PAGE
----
We’ve all been there – with work sucking in most of our time and energy we’ve been left exhausted to the point that all our productivity has crashed one too many times. Unfortunately, work related burnout cannot always be tackled leaving us with no other option than to compromise on our mental well-being. This work-related stress is a serious problem that has even attracted the attention of the World Health Organization.
The WHO has updated the definition that it had for burnout in its new handbook that discusses diseases called International Classification of Diseases — ICD-11. This book will be effective in January 2022. Though the organization labels burnout a “syndrome” in this guide and explains it as “chronic workplace stress that has not been successfully managed” it doesn’t shove it under the category of medical conditions but calls it can “occupational phenomenon.”
In this new version of its handbook, burnout has been put in a chapter that discusses “factors influencing health status or contact with health services.” In the previous ICD-10 , this topic appeared under the same category as it does now but was defined in more succinct a manner as a state of exhaustion.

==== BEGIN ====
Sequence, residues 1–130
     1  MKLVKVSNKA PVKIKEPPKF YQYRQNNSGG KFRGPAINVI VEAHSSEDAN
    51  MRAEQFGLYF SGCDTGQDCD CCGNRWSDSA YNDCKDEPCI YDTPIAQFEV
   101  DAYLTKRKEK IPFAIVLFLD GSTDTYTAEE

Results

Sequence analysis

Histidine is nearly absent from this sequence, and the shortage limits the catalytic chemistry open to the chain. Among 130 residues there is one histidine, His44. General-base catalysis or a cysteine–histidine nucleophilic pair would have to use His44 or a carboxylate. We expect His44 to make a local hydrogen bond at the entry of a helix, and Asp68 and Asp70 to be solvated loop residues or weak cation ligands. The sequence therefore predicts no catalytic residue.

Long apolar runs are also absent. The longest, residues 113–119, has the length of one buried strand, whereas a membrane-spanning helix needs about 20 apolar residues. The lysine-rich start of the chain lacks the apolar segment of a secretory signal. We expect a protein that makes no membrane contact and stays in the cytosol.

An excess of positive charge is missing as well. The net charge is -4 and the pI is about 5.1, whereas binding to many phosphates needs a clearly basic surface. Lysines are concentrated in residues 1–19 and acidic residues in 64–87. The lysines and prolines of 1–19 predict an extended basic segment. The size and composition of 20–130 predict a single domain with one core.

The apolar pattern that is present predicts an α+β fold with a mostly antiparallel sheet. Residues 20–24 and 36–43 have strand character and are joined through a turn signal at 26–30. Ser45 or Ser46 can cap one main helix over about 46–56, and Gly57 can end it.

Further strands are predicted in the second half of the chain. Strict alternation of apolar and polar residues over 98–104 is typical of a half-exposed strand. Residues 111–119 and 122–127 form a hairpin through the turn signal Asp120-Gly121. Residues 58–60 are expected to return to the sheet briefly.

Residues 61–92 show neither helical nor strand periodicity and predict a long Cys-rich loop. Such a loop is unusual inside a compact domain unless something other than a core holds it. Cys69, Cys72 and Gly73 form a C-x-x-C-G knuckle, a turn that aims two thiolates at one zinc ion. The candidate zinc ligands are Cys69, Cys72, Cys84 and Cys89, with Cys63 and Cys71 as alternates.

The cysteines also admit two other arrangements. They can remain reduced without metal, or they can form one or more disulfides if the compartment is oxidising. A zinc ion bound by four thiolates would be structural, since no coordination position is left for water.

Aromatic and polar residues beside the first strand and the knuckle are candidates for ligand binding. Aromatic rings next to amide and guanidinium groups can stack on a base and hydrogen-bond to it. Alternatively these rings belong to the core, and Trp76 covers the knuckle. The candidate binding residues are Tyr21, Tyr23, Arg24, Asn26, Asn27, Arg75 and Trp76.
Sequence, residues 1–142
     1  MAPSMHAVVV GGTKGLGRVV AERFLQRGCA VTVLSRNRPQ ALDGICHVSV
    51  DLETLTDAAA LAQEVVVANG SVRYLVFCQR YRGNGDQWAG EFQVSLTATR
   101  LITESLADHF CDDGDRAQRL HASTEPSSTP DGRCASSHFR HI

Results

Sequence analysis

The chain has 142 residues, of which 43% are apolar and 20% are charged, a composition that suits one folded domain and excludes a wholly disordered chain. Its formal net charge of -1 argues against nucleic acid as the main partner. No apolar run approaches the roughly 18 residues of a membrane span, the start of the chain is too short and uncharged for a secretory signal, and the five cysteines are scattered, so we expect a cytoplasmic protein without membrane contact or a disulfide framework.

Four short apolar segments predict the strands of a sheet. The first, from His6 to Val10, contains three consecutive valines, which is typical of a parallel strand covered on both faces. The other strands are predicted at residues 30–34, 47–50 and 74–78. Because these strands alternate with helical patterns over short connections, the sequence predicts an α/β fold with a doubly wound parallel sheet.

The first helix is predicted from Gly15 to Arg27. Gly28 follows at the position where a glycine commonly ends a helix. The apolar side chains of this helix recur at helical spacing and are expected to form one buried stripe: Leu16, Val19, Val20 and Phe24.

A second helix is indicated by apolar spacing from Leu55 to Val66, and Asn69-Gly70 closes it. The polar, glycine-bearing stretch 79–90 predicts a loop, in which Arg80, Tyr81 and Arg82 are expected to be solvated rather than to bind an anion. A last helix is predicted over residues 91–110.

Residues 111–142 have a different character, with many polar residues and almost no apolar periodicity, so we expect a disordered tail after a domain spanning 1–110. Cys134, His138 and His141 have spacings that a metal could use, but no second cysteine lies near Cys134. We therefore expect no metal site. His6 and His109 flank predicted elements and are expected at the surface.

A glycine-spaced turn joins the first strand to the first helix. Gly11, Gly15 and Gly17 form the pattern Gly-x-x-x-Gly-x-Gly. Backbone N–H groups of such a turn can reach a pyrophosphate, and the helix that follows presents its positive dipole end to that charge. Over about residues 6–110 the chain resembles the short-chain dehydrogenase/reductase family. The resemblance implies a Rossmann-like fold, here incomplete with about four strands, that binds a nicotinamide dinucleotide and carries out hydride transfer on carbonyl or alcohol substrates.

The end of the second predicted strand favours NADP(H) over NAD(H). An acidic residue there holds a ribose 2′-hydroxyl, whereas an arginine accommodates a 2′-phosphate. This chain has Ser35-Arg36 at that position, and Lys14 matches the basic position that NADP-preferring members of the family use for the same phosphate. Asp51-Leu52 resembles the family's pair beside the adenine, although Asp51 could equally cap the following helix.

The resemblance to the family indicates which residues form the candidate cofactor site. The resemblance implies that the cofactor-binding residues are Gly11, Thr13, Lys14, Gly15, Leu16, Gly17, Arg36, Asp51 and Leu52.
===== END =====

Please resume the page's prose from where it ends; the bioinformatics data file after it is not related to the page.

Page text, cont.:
In this new guidebook, the definition is more elaborate. While the previous one didn’t fully acknowledge burnout as a serious issue, this one does. This move can help people in European countries get help because these people typically resort to the ICD. Noting the negative implications that a burnout can have on one’s health and the way it can also influence one’s professional life, a wider discussion on this topic was vital.
The new criteria now set for a burnout requires professionals in the field to rule out other mood disorders such as anxiety and depression as this could be helpful in focusing on more targeted research about how burnouts can be prevented as well as treated. What’s more, WHO also announced this week while talking about this new handbook that it would be establishing science and evidence supported guidelines regarding the mental well-being of folks in their workplace.
Burnouts are not only bad for employees but for employers as well. A study by Gallop published last year found that of the 7,500 full-time workers involved in the research work, 23% experienced burnout at work either often or always. 44% of these reported that they felt burned out sometimes. Moreover, a new recent study published in the Annals of Internal Medicine journal has found that physicians feel burned out the most.
As per this study, the costs of employee burnout are massive with about $4.6 billion piling up each year. An author of this study, Joel Goh said, “Marketing costs to advertise the position, costs of hiring, costs associated with training and starting out a physician—all of these really add up pretty quickly.” Now that the World Health Organization has taken in account the issue of work-related stress more seriously, perhaps the time when this issue will start getting the attention it needs is not far.